Fair Value Accounting Reforms in China: Towards an Accounting Movement Theory
48 Pages Posted: 8 Mar 2013
Date Written: February 7, 2013
How do accounting principles become generally accepted? This study develops an analytical framework for the process of general acceptance based on research into social movements. Social movement theory (SMT) has its roots in management and sociology research. We draw on SMT to develop a framework adapted to the highly institutionalized field of accounting. Looking at the stop-start process that began in 1997 and eventually led to the acceptance of fair value accounting (FVA) in China, we show that SMT-based factors can explain the success and speed with which a new accounting principle like FVA is introduced into practice. The initial failure of Chinese FVA proponents to introduce it in 2000, followed by the success of their efforts a few years later, offers us a unique opportunity to come to grips with the factors that lead to general acceptance. This study provides a theory-based analysis of processes that in some respects are unique to the Chinese setting, offering us a glimpse of accounting in an emerging economy. However, because the field of Chinese financial accounting shares many institutional features with the rest of the world, the theoretical model we develop can also provide insights into accounting standards setting in other jurisdictions.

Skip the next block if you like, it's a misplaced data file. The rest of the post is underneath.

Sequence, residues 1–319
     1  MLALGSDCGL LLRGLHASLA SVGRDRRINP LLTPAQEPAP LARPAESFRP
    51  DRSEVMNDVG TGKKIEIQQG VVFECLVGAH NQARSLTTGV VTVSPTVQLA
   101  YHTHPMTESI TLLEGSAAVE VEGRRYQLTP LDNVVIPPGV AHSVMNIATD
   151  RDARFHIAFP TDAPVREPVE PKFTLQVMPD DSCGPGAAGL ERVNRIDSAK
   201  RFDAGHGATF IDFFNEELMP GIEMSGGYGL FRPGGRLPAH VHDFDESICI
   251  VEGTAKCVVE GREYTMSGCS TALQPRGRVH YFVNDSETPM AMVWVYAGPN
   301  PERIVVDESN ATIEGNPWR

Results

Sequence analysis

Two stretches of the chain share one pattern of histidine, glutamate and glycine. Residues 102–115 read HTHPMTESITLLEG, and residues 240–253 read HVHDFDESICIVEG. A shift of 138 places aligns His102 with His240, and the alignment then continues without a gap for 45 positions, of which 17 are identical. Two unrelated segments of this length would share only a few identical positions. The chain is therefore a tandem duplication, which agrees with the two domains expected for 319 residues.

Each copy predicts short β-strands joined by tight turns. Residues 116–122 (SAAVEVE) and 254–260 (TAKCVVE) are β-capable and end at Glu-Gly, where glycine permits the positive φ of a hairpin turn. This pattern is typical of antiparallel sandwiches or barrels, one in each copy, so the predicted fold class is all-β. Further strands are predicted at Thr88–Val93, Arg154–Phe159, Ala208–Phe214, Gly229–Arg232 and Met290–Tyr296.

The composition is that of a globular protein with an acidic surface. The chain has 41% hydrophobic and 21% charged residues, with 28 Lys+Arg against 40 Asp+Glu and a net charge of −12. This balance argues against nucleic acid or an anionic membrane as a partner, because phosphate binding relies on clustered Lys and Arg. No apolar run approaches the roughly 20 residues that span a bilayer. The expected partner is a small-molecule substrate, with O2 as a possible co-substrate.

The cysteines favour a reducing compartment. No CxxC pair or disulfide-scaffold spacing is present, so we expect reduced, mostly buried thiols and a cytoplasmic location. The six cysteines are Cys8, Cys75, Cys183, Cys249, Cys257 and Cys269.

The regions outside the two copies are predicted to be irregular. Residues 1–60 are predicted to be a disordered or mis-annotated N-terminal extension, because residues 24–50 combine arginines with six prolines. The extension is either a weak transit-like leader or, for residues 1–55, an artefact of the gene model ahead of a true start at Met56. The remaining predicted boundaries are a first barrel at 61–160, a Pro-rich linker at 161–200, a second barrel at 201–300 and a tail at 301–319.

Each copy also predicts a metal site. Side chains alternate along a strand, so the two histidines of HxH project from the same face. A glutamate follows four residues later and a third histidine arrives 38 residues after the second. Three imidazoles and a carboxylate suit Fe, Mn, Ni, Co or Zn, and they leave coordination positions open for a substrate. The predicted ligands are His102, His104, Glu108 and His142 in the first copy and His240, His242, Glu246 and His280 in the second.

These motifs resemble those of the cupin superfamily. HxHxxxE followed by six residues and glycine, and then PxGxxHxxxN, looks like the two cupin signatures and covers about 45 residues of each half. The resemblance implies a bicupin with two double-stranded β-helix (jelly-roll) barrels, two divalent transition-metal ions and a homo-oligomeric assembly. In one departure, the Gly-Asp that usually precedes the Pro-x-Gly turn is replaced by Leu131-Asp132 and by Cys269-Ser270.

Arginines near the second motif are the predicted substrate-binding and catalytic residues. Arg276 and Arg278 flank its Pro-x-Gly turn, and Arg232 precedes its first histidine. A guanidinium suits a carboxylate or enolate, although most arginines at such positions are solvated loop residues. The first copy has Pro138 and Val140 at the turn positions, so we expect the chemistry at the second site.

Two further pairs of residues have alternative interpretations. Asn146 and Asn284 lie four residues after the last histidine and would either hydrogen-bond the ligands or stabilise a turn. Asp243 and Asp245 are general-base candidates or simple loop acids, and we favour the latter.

Keywords: Social movement theory, accounting movement theory, fair value accounting, accounting standard setting, China, International Financial Reporting Standards, IFRS, generally accepted accounting principles
JEL Classification: M41
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